- This isn't the woman
we spoke to.

- That's Ann Weller's
current DMV photo.

- The woman we spoke to
was younger.

She was a brunette.

She said her name
was Ann Weller,

that she was his wife.

I mean, we had no reason
to question that.

Should we get
our FOP lawyers here?

- Give me a break.
- If that's your first question

right now, yeah,
I'd probably give them a call.

So what made you do
the initial follow-up?

- I don't know,
just a feeling, I guess.

I heard it in her voice.

- Good.

- So if they didn't talk
to Ann Weller,

who did they talk to?

- Hey.

- Well, you caught a weird one.

George Weller here died
where he lies.

Looks like a fight happened
in the elevator.

Got blood splatter,
signs of a struggle,

self-defense wounds,

multiple lacerations
in the stomach.

Killer rode down with him,
I'm thinking.

- So can anyone access
this garage?

- No, you need a remote.

George didn't have his,

we checked his car
and his crib.

Pockets are empty,
no cell, no wallet.

- We think
the killer robbed him.

- Jay has Ann Weller right now.

He's taking her
to the district.

She's been at work all day.

- Good, keep working the scene.

Pull any forensics you can.

- Sarge?
- Yeah?

- It okay if I work
the case with you?

I'll ride the desk
the whole time.

- Ah, your instincts caught it,
you should work it.

- I don't understand.

My husband,
he was supposed to be at work.

- I know this is hard,

but it's important
that we ask you

these questions right away.

A woman called 911
from your condo.

When patrol showed up,
the woman was with George,

and she claimed to be you.

Was your husband
having an affair?

- My husband...
We've had issues.

He has issues.

If there was a woman
there with him,

it's possible she was hired.

My husband likes prostitutes.

- So if she is a prostitute,
the question is,

why call 911 and then lie
about it when patrol shows up?

- Yeah, I think we have
an answer to that.

George's cell phone wasn't
recovered at the scene,

it's shut off now,
but we gained access

to his iCloud account.

- Patrol confirmed for us
that this is

the actual lady
who they talked to

at the condo.
- Time stamp?

- These photos were taken eight
minutes before the 911 call.

Followed by these.

A second unidentified woman

in the condo, same time frame.

- She can't be more than 16.
She's the one who called 911.

She's gotta be.

Who is she?

- Her photo doesn't match
in any of our systems.

Not CHRIS, not Vice...

- Missing persons?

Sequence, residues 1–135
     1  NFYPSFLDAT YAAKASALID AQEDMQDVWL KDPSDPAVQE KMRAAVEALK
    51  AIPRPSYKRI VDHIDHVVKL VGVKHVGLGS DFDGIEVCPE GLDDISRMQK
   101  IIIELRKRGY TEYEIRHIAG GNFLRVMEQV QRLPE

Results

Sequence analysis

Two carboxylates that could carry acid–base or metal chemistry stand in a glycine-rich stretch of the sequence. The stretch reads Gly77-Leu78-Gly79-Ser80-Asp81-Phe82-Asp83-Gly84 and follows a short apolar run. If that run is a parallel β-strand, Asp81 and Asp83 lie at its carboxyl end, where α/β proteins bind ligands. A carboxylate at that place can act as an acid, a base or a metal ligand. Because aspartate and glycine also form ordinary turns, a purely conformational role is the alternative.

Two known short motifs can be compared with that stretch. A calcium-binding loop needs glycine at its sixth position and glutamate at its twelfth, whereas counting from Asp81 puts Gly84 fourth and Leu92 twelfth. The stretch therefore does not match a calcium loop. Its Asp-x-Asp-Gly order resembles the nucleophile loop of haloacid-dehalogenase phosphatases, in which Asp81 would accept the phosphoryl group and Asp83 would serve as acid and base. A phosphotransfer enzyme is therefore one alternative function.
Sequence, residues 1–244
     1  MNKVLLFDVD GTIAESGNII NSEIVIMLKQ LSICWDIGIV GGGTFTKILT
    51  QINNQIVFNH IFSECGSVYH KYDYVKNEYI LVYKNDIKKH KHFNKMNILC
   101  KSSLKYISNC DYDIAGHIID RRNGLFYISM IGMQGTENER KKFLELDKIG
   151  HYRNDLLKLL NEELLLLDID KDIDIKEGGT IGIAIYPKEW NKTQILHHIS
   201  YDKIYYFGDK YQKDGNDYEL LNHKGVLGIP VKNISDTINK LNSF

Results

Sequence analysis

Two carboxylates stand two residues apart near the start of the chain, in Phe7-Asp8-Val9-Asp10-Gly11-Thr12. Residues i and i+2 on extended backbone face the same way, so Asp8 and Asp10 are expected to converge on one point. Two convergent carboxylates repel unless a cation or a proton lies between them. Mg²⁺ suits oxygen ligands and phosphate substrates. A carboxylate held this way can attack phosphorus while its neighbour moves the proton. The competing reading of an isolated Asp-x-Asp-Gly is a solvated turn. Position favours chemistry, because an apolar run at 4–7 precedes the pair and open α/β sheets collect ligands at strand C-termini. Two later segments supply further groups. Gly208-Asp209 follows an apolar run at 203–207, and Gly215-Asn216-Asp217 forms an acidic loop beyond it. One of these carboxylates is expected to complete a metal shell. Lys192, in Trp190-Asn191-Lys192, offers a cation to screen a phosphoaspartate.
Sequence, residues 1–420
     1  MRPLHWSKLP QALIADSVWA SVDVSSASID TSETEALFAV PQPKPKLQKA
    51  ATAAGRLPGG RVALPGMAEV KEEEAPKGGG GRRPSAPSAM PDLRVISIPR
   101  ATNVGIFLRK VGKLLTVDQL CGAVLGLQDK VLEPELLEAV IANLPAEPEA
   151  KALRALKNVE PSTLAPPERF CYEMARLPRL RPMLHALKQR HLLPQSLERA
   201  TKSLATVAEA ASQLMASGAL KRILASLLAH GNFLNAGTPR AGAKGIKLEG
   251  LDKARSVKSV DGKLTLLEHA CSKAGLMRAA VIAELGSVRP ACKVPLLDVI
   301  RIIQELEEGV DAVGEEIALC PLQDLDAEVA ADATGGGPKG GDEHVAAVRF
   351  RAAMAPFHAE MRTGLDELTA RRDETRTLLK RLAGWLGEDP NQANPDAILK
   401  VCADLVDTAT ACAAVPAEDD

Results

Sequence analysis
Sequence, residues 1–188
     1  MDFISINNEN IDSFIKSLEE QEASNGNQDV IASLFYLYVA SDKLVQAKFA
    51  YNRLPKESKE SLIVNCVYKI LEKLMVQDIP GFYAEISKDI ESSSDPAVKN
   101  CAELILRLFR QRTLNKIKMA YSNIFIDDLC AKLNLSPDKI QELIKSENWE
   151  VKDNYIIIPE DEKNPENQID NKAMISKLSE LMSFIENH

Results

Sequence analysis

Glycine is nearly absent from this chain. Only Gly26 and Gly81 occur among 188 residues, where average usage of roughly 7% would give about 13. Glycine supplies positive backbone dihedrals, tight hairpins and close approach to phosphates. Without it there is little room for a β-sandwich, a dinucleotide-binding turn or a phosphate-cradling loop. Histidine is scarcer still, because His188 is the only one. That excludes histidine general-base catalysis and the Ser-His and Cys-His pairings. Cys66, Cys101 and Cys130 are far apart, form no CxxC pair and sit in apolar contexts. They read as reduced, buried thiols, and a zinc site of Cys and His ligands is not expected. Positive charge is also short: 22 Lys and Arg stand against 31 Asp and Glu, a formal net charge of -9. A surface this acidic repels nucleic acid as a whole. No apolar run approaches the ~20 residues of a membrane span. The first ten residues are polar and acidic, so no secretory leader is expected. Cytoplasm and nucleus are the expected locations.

- No, no one's looking for her.

We do think we know how
George booked the girls.

He messaged
a burner phone yesterday.

About a minute later,
the burner responded

with pictures of girls
to choose from.

- George tapped into that
same burner a minute

after that 911 call
that he had with you.

- So we're thinking pimp.
- More than likely.

- All right,
so let's run with that.

Have CPIC tear that
burner apart.

I want names.

Who are these girls?

And who the hell
is running them?

- Wanna take a ride?

- Tied to a desk.
- Rojas?

- Yeah, let's go.

- You all right?
- Yeah, yeah.

- Whoever your burner
belongs to,

he's definitely doing
something illegal,

and he's doing it
real damn well.

I worked his burner
top to bottom.

Now, here are the movements
of his cell in the last month.

Cell hardly ever stays on
for more than an hour,

and when it is on,
it pings

a different tower
clear across town.


here are the movements

Phone was right outside
your West Loop condo.

- Which means pimp
drops off girls, waits outside.

- Gets better.
After about 30 minutes,

your burner synced
to your homicide victim's

Wi-Fi hotspot, meaning--
- Pimp goes inside the condo.

- Yup. He was inside
during time of death.

Cell stayed on for about
20 more minutes after,

went west, pinged a couple
of towers near Garfield,

and then stopped to make
one final call.

Call was to another burner,
lasted four minutes,

and then both phones
shut off for good.

- Can you show me
that last location?

Last location of
the pimp's cell phone hit

was pretty deserted.

Zero traffic cams.

We lucked out
with this hidden

security camera.

- This guy's smart.

Checks for traffic cams

before he pulls over.

- Oh, come on,
step into the light.

- There.

- Whoa.

- Daniel Lopez, 32.
Wanted in six states,

and by the FBI.

In connection to assault,

aggravated sexual assault,
and the trafficking across

state lines of women and minors
by force, fraud,

coercion, and violence.


- Sergeant Marie Stilman,
Hank Voight.

- Hey, I met you years ago.

You caught a body of mine
down by the river.

Young girl.
- Oh, yeah, I remember.

- Uh, this is SA O'Brien,
rest of my team.

- Sir.

- Take it I don't
gotta do intros?

- No, no.
Get in.

- You all have had
the misfortune

of landing in a cell
of what we have named,

and the FBI,
Operation "Cold Country."

It's a midsize
human trafficking network

operating in the Midwest.

The ring recruits
domestic girls.

Homeless teenagers.

- You say recruits.
Romeo tactics?

- Right on the money.

Only, ain't really Romeos.

More like Juliets.

- So they're using their own
girls to recruit new ones?

- And it's sweet,
for about a hot minute.

But before you know it,

the girls are addicted
to heroin,

raped, beaten, held, pimped.

- They move the girls.

Every couple of months,
a new state.

Avoids the police and keeps
the girls in the dark.

They never know where they are.

- But we have ID'd your man
Daniel Lopez.

He's a trusted
mid-level trafficker.

- How long before he starts
moving girls

across state lines?

- Daniel's probably